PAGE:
SINGAPORE - From engaging the public on how to reuse state properties in areas like Changi Point, to converting under-utilised state land into community spaces, the Singapore Land Authority (SLA) will continue to work closely with the community to optimise the use of spaces owned by the state.
This was a point made by Second Minister for Law Edwin Tong on Tuesday (March 2) during the debate on the Law Ministry's budget.
Such collaborations on the use of state properties will bring better value to the state and for the community, he said.
He cited how the SLA will work with the Urban Redevelopment Authority to seek views for the adaptive reuse state properties in Changi Point, to enhance the area's rustic charm.
A space at Yarrow Gardens off Siglap Road will also be converted into a park for residents of all ages, said Mr Tong, as part of efforts to better make use of under-utilised state land. The park will be more than 16,000 sq ft in size, it was previously announced.
He added that SLA has contributed to efforts to combat Covid-19 during the pandemic, such as by retrofitting and managing vacant state properties that were converted into government quarantine facilities and stay-home notice facilities.
The agency has also pressed on with digitalisation efforts, he noted. All of its Temporary Occupation Licences are now issued in electronic format and digitally signed, which saves time and reduces the possibility of these documents being misplaced.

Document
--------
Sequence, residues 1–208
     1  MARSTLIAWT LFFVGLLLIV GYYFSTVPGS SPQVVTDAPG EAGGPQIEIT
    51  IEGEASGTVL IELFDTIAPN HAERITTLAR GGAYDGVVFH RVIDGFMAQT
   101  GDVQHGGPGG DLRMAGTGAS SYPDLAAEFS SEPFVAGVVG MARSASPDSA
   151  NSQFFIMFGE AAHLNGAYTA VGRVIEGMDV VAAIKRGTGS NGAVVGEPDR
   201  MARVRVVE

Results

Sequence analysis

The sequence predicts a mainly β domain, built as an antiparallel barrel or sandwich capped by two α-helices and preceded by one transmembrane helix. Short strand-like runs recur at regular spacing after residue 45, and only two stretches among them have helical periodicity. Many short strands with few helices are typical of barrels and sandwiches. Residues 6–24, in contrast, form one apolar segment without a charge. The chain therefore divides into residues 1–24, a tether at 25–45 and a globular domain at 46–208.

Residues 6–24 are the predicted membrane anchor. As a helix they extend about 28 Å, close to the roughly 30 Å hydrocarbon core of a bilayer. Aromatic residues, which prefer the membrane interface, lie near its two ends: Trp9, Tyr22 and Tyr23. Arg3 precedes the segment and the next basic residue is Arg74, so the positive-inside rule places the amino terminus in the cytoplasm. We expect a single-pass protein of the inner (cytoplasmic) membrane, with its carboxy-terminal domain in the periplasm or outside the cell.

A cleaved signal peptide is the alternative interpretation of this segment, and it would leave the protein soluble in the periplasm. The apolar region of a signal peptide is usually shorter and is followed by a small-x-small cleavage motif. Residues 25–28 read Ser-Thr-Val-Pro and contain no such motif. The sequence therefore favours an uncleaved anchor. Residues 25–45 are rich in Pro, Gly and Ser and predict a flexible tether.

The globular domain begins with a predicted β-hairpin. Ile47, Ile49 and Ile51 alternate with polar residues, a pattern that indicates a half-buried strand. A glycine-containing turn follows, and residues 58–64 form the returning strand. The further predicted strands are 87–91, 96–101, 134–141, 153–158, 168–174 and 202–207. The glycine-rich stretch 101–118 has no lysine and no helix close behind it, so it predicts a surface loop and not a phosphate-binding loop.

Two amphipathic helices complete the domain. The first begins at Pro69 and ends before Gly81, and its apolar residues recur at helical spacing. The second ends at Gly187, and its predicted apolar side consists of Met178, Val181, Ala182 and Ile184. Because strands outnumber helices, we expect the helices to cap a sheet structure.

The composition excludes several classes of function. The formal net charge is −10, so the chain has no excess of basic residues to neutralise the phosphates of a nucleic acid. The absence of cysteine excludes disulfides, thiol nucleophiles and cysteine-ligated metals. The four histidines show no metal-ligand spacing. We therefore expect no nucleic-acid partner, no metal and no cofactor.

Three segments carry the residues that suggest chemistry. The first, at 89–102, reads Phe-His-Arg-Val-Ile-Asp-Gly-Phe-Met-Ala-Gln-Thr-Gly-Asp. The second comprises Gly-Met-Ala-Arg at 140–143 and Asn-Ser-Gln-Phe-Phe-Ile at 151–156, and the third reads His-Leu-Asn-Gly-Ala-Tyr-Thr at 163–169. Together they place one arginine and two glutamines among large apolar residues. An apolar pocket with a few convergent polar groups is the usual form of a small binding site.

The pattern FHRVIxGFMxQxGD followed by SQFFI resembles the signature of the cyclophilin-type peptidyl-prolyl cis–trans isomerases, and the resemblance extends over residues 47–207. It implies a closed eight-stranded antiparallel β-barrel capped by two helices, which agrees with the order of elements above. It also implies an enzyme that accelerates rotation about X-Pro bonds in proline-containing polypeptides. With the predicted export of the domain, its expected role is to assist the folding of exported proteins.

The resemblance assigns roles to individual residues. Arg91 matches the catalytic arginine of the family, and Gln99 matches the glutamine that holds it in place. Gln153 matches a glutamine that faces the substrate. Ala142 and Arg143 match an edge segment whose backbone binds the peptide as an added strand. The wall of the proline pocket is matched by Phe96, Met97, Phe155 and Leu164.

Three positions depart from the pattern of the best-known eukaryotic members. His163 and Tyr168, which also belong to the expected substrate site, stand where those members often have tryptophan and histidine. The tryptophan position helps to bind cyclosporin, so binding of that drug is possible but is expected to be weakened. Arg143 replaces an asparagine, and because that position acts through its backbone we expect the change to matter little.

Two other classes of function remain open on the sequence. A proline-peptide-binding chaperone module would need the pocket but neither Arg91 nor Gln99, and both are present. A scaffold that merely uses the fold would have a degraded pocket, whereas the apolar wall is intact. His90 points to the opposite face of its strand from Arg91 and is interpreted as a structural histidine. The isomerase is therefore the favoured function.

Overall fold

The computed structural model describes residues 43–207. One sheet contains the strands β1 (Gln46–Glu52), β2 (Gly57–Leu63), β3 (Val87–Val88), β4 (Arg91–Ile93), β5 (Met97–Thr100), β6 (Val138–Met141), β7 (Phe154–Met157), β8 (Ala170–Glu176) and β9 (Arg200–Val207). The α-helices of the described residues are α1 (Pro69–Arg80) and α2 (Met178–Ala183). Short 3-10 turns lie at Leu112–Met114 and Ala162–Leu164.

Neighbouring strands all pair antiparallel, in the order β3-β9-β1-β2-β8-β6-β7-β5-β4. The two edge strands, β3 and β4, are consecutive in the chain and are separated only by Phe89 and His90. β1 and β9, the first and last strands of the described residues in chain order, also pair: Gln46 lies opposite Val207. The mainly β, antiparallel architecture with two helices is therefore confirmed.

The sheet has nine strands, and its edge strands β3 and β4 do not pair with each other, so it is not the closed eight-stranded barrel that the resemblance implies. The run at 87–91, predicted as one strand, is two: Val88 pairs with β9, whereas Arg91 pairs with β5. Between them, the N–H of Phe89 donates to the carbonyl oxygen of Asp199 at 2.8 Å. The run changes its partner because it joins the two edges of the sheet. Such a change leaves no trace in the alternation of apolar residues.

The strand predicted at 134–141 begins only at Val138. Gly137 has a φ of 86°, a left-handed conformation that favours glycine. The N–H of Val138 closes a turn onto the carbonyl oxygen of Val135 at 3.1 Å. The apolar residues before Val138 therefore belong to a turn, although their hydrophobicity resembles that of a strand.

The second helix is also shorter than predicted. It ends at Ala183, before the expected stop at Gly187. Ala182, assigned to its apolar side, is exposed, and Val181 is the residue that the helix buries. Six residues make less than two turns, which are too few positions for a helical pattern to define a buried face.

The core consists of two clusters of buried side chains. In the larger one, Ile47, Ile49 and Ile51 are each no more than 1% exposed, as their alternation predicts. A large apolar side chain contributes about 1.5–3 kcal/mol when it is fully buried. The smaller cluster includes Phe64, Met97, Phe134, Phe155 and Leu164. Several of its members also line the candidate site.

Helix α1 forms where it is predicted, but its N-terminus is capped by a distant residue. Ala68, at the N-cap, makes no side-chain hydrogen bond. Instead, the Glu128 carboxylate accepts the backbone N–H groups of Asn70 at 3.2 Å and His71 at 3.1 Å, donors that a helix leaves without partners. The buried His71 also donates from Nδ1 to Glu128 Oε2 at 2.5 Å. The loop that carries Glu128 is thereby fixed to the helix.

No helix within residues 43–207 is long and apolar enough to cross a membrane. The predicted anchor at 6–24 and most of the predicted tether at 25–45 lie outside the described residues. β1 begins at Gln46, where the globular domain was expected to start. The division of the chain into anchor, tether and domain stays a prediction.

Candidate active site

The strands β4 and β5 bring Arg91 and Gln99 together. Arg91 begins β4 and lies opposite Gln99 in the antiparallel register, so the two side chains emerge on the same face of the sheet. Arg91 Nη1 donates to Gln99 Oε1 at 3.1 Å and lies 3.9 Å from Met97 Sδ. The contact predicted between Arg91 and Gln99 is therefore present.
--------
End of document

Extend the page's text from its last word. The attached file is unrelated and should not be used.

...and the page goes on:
The bulk of some one million HDB leases have also been digitalised since 2016. SLA has also been engaging various stakeholders to develop a Digital Conveyancing Portal that will provide a fully integrated, secure, efficient and transparent end-to-end conveyancing process, said the minister.
The SLA is also building up its geospatial capabilities, he added, referring to technology that organises large amounts of location data from different domains for the creation of services and decision-making.
The full OneMap 3D platform, which has rich and integrated layers of geospatial data, will be made available to businesses and individuals this year, he said. It uses 3D models and renderings to project how buildings look in a neighbourhood, even for buildings that are not yet constructed.
It is a three-dimensional upgrade of OneMap, a free local intelligent map service that is regularly updated with information contributed by government agencies.
The platform will have new services to help users to make decisions, said Mr Tong.
For instance, those in the logistics sector can use it for drone flight planning and simulation, while those in real estate can tap it for immersive property-viewing experiences. Citizens can also make use of it for barrier-free access navigation and wayfinding.
The agency will also build up the Geospatial Trusted Centre, he said. The centre, which public agencies can turn to for updated and accurate geospatial data, will continue to provide data concierge services and expand its centralised geospatial training and project services to more agencies.